For those who want a more scientific look at the Delta’s waters, the Marine Science Institute is happy to fill that niche. While many of MSI’s programs and events are private, they offer public trips out into the Delta waters for boat tours or even a ride on a research vessel. For more information and to see upcoming public events, visit www.sfbay msi.org.

Pick fruit

After catching fresh fish for dinner, gatherers can pick their own fruit to accompany the meal. U-Pick is a premium farm located in Rio Vista boasting apricots, cherries, peaches, pears and plums all ripe for the picking.

The Delta region is dotted with fruit and vegetable stands where growers sell farm fresh produce to passersby. U-Pick takes the freshness one step further by allowing visitors to hand pick their own fruit right from the tree. The listed fruit should be available June through August but it is recommended to check in before planning your excursion.

Take a hike

Water transportation isn’t the only way to get around the Delta. Hiking trails offer another way to tour the area by land. Just as the Delta is connected by an intricate system of waterways, neighboring towns are linked by trails.

The Big Break Regional Trail runs along the southern edge of Big Break, part of the Sacramento-San Joaquin River Delta. It also connects to the Marsh Creek Regional Trail and provides access to Oakley and Brentwood. From there you can travel to the Delta de Anza Regional Trail, which provides access to Oakley, Brentwood, Antioch, Pittsburg and Bay Point. Trails like Big Break also allow biking and equestrian rides.

Big Break Regional Shoreline, which used to be an upland farm, is completely submerged. Home to many species, mostly birds and fish, the park is also a hotspot for fishing, swimming, boating and naturalist programs. Interested parties can educate themselves on Delta history and current issues, birding, wetland ecology and general nature exploration.

Another option is Delta Meadows State Park, which includes the Historic Locke Trail between Locke and Walnut Grove.

Sleep over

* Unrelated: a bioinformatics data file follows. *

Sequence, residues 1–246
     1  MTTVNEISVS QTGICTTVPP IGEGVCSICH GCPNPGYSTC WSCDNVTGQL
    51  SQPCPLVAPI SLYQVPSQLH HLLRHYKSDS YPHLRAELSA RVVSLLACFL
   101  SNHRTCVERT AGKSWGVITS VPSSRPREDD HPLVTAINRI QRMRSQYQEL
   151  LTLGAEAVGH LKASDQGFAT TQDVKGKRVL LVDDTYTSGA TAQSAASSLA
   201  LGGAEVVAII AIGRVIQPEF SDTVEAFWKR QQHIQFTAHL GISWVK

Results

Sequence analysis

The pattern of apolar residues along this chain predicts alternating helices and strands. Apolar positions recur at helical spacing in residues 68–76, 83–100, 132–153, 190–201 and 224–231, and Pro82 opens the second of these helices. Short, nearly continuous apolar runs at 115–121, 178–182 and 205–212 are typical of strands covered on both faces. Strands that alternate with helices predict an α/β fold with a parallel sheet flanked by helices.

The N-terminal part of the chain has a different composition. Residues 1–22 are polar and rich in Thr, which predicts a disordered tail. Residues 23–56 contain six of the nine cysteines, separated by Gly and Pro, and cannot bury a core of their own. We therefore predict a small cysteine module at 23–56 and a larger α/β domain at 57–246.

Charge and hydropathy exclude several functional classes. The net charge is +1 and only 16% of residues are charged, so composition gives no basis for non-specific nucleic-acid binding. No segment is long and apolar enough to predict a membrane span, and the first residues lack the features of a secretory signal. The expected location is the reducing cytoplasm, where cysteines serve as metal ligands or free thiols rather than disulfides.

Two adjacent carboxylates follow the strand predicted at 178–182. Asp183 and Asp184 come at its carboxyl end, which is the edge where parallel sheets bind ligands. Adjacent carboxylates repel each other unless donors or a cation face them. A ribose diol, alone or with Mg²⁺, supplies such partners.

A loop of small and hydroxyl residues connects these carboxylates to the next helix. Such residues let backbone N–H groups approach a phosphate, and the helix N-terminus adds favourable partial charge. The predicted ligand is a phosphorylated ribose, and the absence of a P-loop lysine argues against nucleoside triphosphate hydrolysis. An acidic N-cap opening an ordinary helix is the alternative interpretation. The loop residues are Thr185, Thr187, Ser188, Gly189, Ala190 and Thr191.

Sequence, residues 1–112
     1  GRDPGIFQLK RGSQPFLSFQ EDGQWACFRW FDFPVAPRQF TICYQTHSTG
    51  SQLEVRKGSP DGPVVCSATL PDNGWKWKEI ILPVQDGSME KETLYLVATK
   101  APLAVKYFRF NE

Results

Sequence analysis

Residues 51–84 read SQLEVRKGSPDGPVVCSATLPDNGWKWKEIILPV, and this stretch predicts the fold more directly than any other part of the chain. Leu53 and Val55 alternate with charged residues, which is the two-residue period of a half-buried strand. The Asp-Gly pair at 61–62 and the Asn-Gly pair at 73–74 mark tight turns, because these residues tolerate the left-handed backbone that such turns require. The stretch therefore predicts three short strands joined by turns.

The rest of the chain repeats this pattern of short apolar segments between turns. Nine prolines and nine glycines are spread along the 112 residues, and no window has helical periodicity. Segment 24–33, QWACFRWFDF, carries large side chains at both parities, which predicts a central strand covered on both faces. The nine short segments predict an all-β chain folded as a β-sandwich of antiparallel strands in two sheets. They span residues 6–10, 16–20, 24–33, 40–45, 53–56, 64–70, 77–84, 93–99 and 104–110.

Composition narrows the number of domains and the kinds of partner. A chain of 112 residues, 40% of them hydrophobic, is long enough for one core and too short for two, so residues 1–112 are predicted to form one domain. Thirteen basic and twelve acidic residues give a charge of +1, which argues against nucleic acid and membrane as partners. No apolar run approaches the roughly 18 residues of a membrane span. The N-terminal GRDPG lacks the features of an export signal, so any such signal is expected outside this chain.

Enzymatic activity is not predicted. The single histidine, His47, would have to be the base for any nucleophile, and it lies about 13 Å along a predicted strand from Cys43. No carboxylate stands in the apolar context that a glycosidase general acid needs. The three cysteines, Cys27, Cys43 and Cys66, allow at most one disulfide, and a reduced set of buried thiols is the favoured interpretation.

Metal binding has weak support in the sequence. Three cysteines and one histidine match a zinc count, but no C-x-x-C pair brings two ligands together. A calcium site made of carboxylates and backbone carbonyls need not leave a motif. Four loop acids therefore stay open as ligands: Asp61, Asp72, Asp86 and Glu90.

There’s no need to make your Delta escape a day trip. Hotels are available at every point of the triangular shaped waterways that flow through Sacramento, Stockton and Pittsburg. The Ryde Hotel is one such option.

The Ryde Hotel is rich in history. Built in 1927, the opulent establishment offered bootleg whiskey and jazz music. It was also rumored to be a bordello — and paranormal research groups believe it may be haunted.

Today, after a major renovation that upgraded many of the amenities without compromising historic charm, the Ryde Hotel hosts weddings and other events.

In addition to swimming and a full-service bar, the hotel’s golf course is revered. Located on the banks of the Sacramento River, the nine-hole course offers sweeping views of the Delta waterways.

The course is known for laid-back play on a course free of many obstacles. Those who stay enjoy reduced rates on the course.

Go camping

Hotels and houseboats aren’t the only accommodations along the Delta. Camping isn’t allowed everywhere as most of the Delta is private property. However, many designated camping spots do exist. So whether you’re looking to pitch a tent or just park your RV, there’s a spot for you along the Delta.

Bring your boat for added fun. Most of the designated camping areas offer water access with guest docking and launch ramps. River’s Edge Marina & Resort, located off Sevenmile Slough is just one option for RVing along the Delta. Boasting amenities such as a laundry room, warm showers and water hookups, it’s far from roughing it.

Tent camping is a little harder to come by, but there are options. Dos Reis Regional Park in San Joaquin County is located in the East Delta. Select dates offer tent camping on a site that boasts barbecue pits, a playground, a boat launch and full hook-ups for RVs.